MANN ET AL - INTERVIEWING SUSPECTS.
Aim: To test police officers' ability to detect lies & truths when interviewing suspects.
Method: Field experiment; Correlation.
Sample: 99 kent P/O | 78 det. | 4 traffic officers | 9 Unis. | 24 f, 75 m. Mean age - 34.3
Procedure: PPs had to judge the truthfulness of people in real police interviews, PPs filled out a Q/aire about exp w detecting lies/liars, then watched clips of 14 suspects. Clips were paired up w/ evidence, varying from 6 - 145 seconds, total of 54. After each clip, they chose truth/lie & said how confident they were in their answer. They were asked to list the cues used in lie detecting.
Findings: Mean lie accuracy - 66.2% Mean truth accuracy - 63.6%
Experience in interviewing correlated with truth and lie accuracy. Most freq. cue = gaze, movements, vagueness, contradictions, fidgeting,
Conclusions: Good lie detectors rely more on story cues than physical ones. The more experience an officer has = better at lie detecting.
FISHER ET AL - INTERVIEWING WITNESSES.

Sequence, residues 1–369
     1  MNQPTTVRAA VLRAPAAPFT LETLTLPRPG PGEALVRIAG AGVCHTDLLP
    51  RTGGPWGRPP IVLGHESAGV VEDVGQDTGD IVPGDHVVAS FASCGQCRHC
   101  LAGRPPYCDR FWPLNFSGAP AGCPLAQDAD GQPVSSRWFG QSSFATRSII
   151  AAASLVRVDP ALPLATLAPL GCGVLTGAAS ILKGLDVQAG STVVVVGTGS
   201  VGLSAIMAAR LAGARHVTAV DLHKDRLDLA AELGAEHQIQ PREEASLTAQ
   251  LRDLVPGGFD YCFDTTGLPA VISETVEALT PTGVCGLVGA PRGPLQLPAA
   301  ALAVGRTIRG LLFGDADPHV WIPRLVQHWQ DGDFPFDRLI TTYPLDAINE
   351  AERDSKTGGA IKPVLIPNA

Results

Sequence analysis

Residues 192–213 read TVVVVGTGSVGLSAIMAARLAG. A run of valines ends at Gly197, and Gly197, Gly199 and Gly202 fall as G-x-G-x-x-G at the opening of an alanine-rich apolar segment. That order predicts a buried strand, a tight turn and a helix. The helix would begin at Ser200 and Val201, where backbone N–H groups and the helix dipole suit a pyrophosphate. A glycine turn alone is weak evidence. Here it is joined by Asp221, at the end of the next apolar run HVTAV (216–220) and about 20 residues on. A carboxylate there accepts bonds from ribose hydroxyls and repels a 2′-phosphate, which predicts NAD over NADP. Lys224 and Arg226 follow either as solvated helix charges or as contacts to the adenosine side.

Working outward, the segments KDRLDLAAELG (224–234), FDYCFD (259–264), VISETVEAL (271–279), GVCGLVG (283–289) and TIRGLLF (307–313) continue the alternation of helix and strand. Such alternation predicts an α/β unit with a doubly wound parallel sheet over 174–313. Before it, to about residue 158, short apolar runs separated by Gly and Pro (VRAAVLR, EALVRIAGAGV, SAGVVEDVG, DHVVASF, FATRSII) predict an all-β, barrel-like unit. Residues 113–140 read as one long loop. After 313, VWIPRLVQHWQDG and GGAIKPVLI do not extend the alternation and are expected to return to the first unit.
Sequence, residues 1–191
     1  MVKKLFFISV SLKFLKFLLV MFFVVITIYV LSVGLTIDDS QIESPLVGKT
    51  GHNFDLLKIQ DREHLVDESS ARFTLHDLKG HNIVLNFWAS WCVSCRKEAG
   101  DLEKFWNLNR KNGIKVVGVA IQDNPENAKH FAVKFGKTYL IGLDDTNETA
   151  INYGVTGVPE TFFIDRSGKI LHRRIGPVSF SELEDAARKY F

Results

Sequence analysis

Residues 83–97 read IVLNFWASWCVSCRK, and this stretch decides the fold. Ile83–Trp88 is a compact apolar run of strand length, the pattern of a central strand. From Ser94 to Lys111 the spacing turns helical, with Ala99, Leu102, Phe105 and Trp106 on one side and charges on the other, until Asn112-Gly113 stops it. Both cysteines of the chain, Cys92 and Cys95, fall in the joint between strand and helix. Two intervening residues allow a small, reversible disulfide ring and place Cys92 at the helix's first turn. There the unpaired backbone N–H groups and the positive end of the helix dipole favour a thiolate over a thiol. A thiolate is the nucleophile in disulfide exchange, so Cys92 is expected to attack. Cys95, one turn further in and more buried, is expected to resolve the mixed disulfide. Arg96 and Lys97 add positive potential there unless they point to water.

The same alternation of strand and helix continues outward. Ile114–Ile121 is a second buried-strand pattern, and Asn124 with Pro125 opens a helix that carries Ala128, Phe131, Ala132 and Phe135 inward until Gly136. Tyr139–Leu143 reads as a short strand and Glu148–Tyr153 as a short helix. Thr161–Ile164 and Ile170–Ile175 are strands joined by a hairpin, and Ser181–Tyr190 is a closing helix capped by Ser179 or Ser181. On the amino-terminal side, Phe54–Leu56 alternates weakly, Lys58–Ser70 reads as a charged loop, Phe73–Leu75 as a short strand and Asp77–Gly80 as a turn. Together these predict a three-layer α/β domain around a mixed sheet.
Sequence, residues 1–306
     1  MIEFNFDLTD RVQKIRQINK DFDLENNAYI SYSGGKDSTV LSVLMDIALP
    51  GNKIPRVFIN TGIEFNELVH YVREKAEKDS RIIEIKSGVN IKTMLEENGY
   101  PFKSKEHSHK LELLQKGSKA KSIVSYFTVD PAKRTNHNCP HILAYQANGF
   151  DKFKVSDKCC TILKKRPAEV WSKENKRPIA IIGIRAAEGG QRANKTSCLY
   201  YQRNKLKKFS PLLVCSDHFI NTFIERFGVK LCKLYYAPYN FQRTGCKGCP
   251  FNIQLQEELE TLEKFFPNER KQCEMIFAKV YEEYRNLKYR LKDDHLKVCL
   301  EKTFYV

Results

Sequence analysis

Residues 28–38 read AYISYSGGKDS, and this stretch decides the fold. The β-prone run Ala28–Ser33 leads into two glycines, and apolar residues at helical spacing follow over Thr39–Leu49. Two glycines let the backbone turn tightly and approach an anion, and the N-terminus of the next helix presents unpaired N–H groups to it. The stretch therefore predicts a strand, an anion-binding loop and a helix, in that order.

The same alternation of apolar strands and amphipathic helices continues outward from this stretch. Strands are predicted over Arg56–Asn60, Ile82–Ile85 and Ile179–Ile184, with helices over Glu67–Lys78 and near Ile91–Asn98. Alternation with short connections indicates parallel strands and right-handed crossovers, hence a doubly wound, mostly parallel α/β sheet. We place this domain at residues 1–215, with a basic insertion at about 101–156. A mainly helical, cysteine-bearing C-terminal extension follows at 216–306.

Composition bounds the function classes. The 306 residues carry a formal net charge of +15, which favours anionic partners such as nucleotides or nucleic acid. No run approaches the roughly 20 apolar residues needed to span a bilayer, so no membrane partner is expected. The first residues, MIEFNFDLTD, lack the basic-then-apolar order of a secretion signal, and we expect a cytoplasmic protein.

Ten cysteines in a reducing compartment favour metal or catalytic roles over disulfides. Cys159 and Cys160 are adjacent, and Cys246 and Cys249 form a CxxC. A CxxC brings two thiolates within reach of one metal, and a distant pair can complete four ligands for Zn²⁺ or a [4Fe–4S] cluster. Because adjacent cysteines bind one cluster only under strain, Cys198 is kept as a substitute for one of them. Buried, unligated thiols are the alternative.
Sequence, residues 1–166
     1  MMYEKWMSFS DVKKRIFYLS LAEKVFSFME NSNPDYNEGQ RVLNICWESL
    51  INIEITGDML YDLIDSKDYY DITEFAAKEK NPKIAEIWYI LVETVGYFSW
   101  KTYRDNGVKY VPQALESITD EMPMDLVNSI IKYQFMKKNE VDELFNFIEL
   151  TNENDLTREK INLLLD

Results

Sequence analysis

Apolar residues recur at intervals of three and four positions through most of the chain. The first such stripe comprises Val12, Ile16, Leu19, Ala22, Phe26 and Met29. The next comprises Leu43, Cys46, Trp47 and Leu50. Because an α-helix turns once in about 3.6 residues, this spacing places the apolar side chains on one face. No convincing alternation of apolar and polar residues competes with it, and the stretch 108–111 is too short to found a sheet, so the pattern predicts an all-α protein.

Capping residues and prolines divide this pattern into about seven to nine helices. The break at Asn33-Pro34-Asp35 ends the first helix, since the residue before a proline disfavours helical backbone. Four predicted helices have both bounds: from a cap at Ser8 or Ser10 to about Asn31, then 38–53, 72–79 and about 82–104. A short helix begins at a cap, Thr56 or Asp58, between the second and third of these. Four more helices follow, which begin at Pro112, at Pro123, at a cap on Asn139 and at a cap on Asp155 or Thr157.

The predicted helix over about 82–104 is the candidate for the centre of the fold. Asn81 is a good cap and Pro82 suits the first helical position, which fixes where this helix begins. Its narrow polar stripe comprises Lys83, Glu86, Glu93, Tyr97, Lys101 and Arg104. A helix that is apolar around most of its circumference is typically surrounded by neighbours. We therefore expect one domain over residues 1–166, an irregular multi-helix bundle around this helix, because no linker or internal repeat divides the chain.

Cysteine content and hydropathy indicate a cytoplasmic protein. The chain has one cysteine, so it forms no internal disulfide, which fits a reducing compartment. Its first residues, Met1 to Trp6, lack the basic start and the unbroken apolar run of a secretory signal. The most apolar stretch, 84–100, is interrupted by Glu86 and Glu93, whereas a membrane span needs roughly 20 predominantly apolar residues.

Aim: To test Cognitive Interview in the field.
Method: Field experiment - interviewing real witnesses by serving police det.
Sample: 16 det. from Robbery Division of Dade County, FL w a min. of 5 yrs exp.
Procedure: In the first phase, 88 interviews were recorded over 4 months, relating to bag snatches. They were then split in 2 groups, with one being trained in CI. Training prog. was 4 x 60 min sessions, 7 completed it. Over the next 7 months, more interviews were recorded by exp and control group, then analaysed by a team of blind researchers from Uni of California.
Findings: The 7 trained det. gathered 47% more info after being trained, and acquired 67% more info than untrained det. Both groups got approx. 85% accurate statements. Accuracy measured via corrobating info with another source. 94% of statements were corroborated.
Conclusions: Support for effectiveness of CI in field was found. More info retained, no loss of accuracy & a minimal increase in duration time. Results in field mirrored those in the lab, adding ecological validity. CI has been since applied to clinical settings to develop medical histories.
CANTER - OFFENDER PROFILING.
Bottom Up Typology
Aim: Test reliability of organised/disorganised typologies.
Method: Content analysis using psychometric method of multi-dimensional scaling.
Procedure: 100 cases assessed to find out if features hypothesised to belong to each typology would be consistent and distincively different to each other. All cases were from USA, the third crime of a serial killer was the one analysed. The Crime Classification Manual was used to classify the crimes in a typology.